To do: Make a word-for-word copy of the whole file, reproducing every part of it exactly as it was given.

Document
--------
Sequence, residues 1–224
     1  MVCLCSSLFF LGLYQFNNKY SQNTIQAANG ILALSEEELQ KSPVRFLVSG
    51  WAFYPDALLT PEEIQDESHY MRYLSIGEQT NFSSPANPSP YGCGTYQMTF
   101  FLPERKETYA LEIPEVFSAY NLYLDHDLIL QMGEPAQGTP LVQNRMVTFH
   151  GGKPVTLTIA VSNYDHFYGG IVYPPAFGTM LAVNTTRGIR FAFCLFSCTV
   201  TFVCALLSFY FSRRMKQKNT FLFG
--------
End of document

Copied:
Sequence, residues 1–224
     1  MVCLCSSLFF LGLYQFNNKY SQNTIQAANG ILALSEEELQ KSPVRFLVSG
    51  WAFYPDALLT PEEIQDESHY MRYLSIGEQT NFSSPANPSP YGCGTYQMTF
   101  FLPERKETYA LEIPEVFSAY NLYLDHDLIL QMGEPAQGTP LVQNRMVTFH
   151  GGKPVTLTIA VSNYDHFYGG IVYPPAFGTM LAVNTTRGIR FAFCLFSCTV
   201  TFVCALLSFY FSRRMKQKNT FLFG